The EU ETS, a major pillar of EU climate change policy, commenced in January 2005. It is based on Directive 2003/87/EC.
Under the EU ETS, large emitters of carbon dioxide within the EU must monitor and annually report their CO2 emissions. They are obliged to submit to the government an amount of emission allowances that is equivalent to their CO2 emissions in that year. Companies in various industries need to determine the biomass fractions of their CO2 emissions because carbon-neutral CO2 can be subtracted from their greenhouse gas inventories.
Phase 1 of the EU ETS was released in January 2005, while Phase 2 started in 2008. The EU ETS is now in its third phase, which runs from 2013 to 2020.
Guidelines for the monitoring and reporting of greenhouse gas emissions were first released in January 2004 (MRG 2004). The revised guidelines were established in July 2007 (MRG 2007). And in January 2008, the European Commission (EC) proposed a number of changes to the scheme.
In October 2012, the EC published a Guidance Document relating to biomass issues in the EU ETS. MRR Guidance Document No. 3 states that EN 15440 is the relevant standard for the determination of the fossil and biomass-derived carbon fraction in solid materials and fuels. For liquid samples and CO2 in flue gases, EN 15440’s Carbon-14 method or ASTM D6866 can be used. ISO 13833 is another option for CO2 in flue gases.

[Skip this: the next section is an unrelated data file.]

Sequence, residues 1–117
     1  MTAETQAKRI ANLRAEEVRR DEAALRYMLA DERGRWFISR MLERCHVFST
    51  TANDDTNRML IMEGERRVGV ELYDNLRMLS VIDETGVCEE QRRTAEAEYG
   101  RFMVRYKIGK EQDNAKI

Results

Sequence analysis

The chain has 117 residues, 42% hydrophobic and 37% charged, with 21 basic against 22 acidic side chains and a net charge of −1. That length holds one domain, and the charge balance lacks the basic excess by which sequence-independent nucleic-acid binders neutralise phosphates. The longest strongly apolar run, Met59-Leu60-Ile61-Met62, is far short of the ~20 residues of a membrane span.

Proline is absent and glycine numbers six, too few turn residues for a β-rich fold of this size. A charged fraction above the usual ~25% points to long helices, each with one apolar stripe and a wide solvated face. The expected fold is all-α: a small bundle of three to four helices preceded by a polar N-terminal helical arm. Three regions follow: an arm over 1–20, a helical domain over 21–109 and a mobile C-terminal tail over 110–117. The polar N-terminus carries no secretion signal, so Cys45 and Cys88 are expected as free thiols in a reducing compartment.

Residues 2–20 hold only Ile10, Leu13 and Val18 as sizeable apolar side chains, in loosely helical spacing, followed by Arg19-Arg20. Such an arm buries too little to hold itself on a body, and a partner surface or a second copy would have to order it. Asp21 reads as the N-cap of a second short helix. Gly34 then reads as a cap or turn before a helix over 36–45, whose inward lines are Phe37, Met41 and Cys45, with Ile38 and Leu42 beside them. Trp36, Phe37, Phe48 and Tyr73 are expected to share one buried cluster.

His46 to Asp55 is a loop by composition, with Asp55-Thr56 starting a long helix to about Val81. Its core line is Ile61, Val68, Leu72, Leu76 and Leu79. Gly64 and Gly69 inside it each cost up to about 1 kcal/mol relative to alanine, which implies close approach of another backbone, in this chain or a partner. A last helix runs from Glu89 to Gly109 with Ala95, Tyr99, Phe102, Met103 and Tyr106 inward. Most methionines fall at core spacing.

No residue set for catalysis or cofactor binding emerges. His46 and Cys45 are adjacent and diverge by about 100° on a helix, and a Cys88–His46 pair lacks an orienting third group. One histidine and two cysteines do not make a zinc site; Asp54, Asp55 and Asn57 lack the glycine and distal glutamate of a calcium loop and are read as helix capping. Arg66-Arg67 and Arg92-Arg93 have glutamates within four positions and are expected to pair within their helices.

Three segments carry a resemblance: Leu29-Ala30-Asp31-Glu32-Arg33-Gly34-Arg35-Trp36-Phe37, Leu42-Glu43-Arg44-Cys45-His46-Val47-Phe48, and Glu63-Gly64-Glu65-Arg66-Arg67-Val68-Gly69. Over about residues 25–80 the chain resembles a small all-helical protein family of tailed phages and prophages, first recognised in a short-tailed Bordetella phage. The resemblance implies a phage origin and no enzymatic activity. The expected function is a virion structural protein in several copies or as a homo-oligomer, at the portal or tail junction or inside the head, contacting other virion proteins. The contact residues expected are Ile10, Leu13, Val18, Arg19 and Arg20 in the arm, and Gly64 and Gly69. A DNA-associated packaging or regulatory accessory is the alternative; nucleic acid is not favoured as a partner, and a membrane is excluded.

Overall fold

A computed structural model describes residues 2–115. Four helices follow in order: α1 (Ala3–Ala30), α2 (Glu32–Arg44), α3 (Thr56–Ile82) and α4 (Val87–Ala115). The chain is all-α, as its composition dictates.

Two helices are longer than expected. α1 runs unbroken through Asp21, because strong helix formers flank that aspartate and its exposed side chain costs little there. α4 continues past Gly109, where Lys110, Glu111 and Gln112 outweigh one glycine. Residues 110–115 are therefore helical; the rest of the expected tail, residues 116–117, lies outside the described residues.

MRR Guidance Document No. 5, also published in October 2012, explained in more detail the requirements for laboratory analyses. The MRR imposes strict rules to ensure high-quality results. It requires that all analyses should be carried out by laboratories that are accredited to ISO/IEC 17025. Non-accredited laboratories may be used provided that they demonstrate competence equivalent to accreditation in accordance with EN ISO/IEC 17025.
More updates are found in the EU ETS website.
CEN, or Comite Europeen de Normalisation (European Committee for Standardization), aims to promote not only Europe’s economy in global trading but also the welfare of its citizens and environment by removing trade barriers for industry and consumers in the continent. The private, non-profit organization has more than 60,000 technical experts and reaches more than 480 million people.
CEN develops standards and other technical specifications that become the national standards in each of the organization’s 31 members—the National Standards Bodies of the 28 countries of the European Union and the National Standards Bodies of the three European Free Trade Area countries.
As of July 2013, the 31 CEN members are Austria, Belgium, Bulgaria, Croatia, Cyprus, Czech Republic, Denmark, Estonia, Finland, France, Germany, Greece, Hungary, Iceland, Ireland, Italy, Latvia, Lithuania, Luxembourg, Malta, The Netherlands, Norway, Poland, Portugal, Romania, Slovakia, Slovenia, Spain, Sweden, Switzerland, and the United Kingdom.
By providing accurate and reliable biogenic fraction measurements, ISO/IEC 17025-accredited Beta Analytic is able to help companies who want to join or are already participating in the EU ETS. Under this cap-and-trade program, companies can obtain carbon credits if they do not emit as much greenhouse gases as the threshold levels established. One way of getting lower GHG inventories is by measuring the biogenic fraction of their solid recovered fuels through EN 15440.
Last Updated November 27, 2014